No current DPS employees would be fired “unless they make me too mad”
THE ORDINANCE PASSES ON 5-2 VOTE: FINAL READING: 8:30 AM THIS WEDNESDAY: Clinton Council backs plan to eliminate Department of Public Safety, formed 2005
Clinton City Council voted unanimously — without comment — last Thursday to dissolve the Clinton Department of Public Safety. If the ordinance passes second and final reading, Clinton will return to having a Fire Department and a separate Police Department - each managed by a separate chief.
Council held a special called meeting Thursday, three days following Monday’s regular August meeting. Other than city staff and reporters, the meeting was attended by nine people.
During a brief presentation, City Manager Bill Ed Cannon said the concept of a combined Department of Public Safety is not working in Clinton. “It’s our duty to ensure the safety and welfare of our citizens,” Cannon told council. “Stand alone (police and fire departments) offers us the best chance.”
After the meeting, while being questioned by reporters from The Chronicle, The Laurens County Advertiser and WLBG, Cannon exploded into a profanity-laced tirade before storming out of the council chambers.
His outburst was witnessed by Mayor Bob McLean and all six other council members, who were still in their seats.
Council voted in 2005 to combine police and fire into a Department of Public Safety. Prior to those two votes in 2005, the council discussed the proposal at length during several public meetings.
This time, no one spoke other than to make a motion and then to second the motion.
Cannon admitted to reporters he has met with up to three council members at a time — in private — to discuss the plan to dissolve DPS. A meeting with four council members would constitute a quorum and would trigger provisions of the SC Freedom of Information Act that require meetings of a quorum of a public body to be open to the public.
After Thursday’s meeting had adjourned, former DPS Officer Scottie Peay asked to address council and they agreed to listen to his comments.
Peay urged council members to do their homework before making such an important decision.
“Don’t make a fly-by-night decision that will affect a lot of people,” Peay said. “They (current DPS employees) will leave. I promise you.”
Cannon said public safety is not changing. “We will just have somebody who runs their department as it should be done,” he said. “Nobody’s going to lose their job.”
Later, when the city manager was talking to reporters, he said no current DPS employees would be fired “unless they make me too mad.”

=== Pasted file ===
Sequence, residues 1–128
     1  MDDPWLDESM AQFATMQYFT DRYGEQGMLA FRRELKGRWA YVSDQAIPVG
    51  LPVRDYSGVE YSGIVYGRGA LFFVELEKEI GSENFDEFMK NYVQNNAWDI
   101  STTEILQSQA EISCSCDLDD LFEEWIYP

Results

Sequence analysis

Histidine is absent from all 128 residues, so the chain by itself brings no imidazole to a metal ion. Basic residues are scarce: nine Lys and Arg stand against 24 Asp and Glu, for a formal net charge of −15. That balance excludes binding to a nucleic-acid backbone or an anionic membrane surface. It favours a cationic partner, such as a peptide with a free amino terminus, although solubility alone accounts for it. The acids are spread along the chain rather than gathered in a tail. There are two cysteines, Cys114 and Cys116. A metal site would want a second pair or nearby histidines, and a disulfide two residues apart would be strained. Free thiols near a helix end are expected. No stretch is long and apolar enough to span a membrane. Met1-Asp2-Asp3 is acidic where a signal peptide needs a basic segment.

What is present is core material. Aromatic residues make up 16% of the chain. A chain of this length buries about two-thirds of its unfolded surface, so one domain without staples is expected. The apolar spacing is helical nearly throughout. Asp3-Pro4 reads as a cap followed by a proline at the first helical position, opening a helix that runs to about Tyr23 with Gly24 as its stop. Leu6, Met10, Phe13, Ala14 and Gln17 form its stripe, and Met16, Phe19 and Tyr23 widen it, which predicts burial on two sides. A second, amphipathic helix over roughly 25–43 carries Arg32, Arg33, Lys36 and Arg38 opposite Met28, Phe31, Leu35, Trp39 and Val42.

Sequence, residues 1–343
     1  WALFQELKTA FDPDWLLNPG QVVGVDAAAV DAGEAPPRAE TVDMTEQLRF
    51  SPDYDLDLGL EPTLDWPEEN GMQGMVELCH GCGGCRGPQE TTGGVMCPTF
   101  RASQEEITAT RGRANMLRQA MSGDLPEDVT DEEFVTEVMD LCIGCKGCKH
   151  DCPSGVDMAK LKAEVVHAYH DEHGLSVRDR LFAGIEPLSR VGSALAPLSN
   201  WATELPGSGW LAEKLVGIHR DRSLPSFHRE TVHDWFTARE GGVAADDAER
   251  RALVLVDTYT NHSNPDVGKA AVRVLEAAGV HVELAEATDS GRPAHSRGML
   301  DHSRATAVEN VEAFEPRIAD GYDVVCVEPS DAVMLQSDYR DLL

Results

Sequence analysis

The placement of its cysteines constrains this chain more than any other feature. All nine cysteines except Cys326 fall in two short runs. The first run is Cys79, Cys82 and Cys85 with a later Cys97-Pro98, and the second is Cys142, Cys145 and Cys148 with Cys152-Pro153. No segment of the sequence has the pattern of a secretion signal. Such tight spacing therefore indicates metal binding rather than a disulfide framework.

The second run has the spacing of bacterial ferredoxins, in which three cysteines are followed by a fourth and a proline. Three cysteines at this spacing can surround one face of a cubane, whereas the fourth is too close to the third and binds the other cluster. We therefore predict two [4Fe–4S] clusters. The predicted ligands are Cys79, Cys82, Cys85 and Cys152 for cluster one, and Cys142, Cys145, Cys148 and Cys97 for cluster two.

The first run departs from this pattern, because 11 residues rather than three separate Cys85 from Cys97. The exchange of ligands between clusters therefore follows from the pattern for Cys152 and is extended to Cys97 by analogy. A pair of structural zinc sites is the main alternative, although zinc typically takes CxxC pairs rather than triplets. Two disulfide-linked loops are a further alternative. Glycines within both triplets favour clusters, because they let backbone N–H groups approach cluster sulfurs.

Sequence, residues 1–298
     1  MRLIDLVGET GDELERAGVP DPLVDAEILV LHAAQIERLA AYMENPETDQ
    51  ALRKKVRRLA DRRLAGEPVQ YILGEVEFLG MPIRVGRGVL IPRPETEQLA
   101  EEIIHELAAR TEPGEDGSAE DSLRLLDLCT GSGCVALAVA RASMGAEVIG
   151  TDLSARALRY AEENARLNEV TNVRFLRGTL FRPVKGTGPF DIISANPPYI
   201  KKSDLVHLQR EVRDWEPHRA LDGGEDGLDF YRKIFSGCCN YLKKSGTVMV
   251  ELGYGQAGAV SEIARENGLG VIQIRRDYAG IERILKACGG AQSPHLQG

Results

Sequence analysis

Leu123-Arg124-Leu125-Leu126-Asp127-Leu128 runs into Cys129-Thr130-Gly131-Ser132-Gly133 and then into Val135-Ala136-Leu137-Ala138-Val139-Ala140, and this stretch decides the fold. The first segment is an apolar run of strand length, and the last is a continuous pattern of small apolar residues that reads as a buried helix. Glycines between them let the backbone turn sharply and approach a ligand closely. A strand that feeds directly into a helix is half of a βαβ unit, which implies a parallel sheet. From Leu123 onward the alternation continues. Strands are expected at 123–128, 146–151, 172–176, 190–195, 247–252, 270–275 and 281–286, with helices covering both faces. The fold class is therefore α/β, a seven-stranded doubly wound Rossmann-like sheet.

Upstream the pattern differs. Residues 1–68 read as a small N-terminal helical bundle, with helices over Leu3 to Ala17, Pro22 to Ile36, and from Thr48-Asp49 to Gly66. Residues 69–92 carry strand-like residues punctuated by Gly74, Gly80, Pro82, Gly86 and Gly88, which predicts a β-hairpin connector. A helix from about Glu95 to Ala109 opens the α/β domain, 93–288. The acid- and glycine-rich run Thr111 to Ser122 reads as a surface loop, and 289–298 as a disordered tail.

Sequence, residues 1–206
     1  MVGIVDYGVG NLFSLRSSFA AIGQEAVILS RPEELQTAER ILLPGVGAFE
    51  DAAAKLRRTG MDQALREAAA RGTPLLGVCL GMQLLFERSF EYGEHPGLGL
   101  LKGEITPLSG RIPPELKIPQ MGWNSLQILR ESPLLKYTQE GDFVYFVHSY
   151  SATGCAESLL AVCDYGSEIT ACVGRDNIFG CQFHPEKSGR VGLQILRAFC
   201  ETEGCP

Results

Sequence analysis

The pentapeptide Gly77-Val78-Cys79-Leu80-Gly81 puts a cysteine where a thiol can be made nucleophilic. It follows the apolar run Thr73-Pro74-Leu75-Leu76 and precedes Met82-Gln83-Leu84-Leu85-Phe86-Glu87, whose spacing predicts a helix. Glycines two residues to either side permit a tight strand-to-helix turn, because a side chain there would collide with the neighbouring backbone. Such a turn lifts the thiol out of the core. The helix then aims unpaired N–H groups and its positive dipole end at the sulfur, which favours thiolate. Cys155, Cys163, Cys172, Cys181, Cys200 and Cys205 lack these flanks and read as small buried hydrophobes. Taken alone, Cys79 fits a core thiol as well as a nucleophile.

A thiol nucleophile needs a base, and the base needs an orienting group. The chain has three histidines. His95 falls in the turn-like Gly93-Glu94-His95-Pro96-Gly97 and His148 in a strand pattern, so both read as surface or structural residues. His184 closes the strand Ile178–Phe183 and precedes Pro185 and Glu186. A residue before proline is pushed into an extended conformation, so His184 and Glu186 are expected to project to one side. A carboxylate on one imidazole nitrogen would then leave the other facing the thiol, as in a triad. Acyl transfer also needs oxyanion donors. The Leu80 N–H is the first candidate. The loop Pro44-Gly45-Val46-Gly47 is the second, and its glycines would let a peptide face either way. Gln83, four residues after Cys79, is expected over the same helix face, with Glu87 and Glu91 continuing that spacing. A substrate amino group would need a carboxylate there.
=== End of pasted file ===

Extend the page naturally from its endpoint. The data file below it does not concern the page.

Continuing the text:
Peay spoke to reporters in the parking lot of the M.S. Bailey Municipal Center. “When I was a police officer, we had cars on the road 24 hours a day (because so many cars were out of service),” he said. “Fire trucks were always breaking down. Now, we’ve got so much better stuff.”
Peay said he joined the department shortly after the switch from separate departments to DPS and worked in Clinton for 10 years. He said Robin Morse, director of public safety, “is a very smart man when it comes to emergency management. He took the department from a six to a 10.”
During his presentation to council, Cannon said “it is imperative that police and fire department personnel acquire the training necessary to ensure safe and proper emergency response to our citizens.”
“A police officer is a law enforcement officer and solves a crime,” Cannon said. “On the other hand, a firefighter is one who is mainly responsible for putting out fires or rescuing people.
“Apart from this, they face different dangers. A firefighter faces the danger of being burnt (sic) while a police officer might get shot at.”
Cannon admitted there are an equal number of studies which show public safety works as there are studies which show public safety does not work.
He said a guide developed by the International Association of Fire Fighters and the International Association of Fire Chiefs concluded that consolidation doesn’t work.
Cannon said since Clinton established public safety in 2005, the budget has increased 12.75% while the number of personnel has decreased 20.75%.
After the meeting, The Chronicle asked Cannon why he would meet with small numbers of council members in private, rather than discuss the issue during a public meeting. He said the law allows him to do that.
When The Chronicle suggested he was trying to “get around” the law, Cannon exploded.
“That’s the most idiotic statement I’ve ever heard,” he said. “We’ll fall out if that (expletive) is in the paper. I’ve done this for 22 years. I don’t need to be told by a (expletive) newspaper writer how to run the city. You’ll get nothing else from me. I don’t give a (expletive).”
Later, in the parking lot, Cannon apologized to reporters and provided The Chronicle with additional information he used to form his decision.